Left Handed

Vienna-based type designer and signage conservationist Roland Hörmann finds charm in the everyday lettering of the city, even a back-to-front ‘A’ – leading him to ponder typography’s right-handed bias.

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As an enthusiastic collector of urban façade signs, my everyday approach to typography is mediated though the city. I cannot help scanning shop fronts for typographic treasures and vacant spaces, where unique signs need to be saved from being scrapped. Even now, Vienna is still rich in shop signage from the mid-Twentieth Century and, as a display type designer, you can learn a lot from it.

Where there is light, there is also shadow. It’s not always the skilful sign lettering from eras long past that grabs my attention – although I’d love it if it was. While the growing number of misused apostrophes in contemporary shop signs kind of disturbs me, I am happily amused by one particular faux pas every time I pass it, simply because it’s so innocent.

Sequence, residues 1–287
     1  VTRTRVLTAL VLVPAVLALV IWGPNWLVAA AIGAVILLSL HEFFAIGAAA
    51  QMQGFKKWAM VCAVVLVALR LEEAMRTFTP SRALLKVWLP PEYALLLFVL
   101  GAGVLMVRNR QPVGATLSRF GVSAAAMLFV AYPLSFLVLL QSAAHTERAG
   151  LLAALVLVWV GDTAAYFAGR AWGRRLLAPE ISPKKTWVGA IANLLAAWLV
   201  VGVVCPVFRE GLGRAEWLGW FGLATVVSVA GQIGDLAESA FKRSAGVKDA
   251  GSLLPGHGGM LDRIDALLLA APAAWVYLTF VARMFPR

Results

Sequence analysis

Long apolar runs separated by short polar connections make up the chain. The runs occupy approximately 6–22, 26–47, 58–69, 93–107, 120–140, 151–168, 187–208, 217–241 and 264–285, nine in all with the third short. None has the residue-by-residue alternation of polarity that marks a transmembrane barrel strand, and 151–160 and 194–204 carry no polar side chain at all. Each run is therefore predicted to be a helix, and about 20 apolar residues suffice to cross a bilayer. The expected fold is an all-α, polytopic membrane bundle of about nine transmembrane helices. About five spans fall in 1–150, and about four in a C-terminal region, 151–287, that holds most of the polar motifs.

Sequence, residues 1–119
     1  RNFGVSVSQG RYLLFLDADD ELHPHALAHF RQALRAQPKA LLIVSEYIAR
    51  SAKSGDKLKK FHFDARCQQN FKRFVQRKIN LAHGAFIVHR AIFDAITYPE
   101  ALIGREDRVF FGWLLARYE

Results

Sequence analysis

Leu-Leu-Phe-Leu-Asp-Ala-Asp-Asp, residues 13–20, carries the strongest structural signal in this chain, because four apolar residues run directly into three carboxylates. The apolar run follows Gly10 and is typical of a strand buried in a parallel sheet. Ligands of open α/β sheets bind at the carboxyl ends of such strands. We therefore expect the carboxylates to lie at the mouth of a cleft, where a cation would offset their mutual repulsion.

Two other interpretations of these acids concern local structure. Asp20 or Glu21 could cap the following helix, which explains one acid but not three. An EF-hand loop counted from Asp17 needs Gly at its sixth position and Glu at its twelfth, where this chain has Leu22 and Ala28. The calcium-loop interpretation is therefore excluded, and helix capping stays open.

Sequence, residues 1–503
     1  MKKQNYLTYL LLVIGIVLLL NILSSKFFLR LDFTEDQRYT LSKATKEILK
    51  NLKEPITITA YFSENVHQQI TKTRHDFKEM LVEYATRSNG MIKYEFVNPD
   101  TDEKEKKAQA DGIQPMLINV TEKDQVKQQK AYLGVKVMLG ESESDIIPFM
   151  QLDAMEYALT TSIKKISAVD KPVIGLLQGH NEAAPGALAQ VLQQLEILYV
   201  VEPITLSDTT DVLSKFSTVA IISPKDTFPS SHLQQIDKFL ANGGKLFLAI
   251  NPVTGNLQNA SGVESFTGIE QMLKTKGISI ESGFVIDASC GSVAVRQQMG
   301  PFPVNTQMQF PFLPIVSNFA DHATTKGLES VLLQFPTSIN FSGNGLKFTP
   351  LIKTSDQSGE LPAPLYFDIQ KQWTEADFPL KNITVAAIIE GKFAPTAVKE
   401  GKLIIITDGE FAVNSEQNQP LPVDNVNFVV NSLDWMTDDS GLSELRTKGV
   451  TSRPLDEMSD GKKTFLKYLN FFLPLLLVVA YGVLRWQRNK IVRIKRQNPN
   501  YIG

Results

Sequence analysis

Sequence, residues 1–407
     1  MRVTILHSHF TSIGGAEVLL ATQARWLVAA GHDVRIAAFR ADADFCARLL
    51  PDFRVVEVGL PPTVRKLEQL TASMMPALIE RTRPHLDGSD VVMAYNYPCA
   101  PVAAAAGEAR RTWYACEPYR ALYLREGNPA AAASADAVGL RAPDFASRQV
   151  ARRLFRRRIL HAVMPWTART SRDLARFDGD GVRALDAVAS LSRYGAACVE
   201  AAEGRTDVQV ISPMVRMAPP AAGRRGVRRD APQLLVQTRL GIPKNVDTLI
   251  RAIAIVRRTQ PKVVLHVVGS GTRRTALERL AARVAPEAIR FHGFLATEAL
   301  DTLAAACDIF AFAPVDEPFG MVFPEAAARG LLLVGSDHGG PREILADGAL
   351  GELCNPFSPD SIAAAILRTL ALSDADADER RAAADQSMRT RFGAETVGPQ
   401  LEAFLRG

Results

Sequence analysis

The example in question can be found at the showroom of a producer of chandeliers and lamps. A traditional company with 170 years of history, it was entrusted to manufacture lighting for the State Opera House, Vienna City Hall, and St. Stephen’s Cathedral. That should give you an idea of its calibre. The family company name spreads across the outside wall in a Baroque Antiqua, probably Baskerville. For the same company logo they are using Georgia on the shop window and Garamond on the website, but that’s a different story.

You see the letter shapes, cut out from brass sheet, and you soon notice there is something wrong with the ‘A’. It must have happened when the workers drilled the prefab shapes to the wall and accidentally flipped one over – or two, since there are two As in the company name. Maybe he or she planted a hidden urban typographic joke, how sweet.

I fantasise passing by at the moment they were mounting the brass letters, and shouting, “Hey, the A needs to be turned around!” (as I sometimes beg shop owners to fix their apostrophes). Would I have been prepared for the reasonable response, “Then it’s a ‘V’ with a bar, you idiot.”?

It's also a delectable thing to imagine how Roman typefaces would have evolved if the majority of masters of humanistic calligraphy in the Italian Renaissance were left-handed. The different angle of the broad nib would have had significant consequences. Thin diagonal stems would have turned out as thick stems and vice versa. And that Baskerville ‘A’ wouldn’t look strange to us today.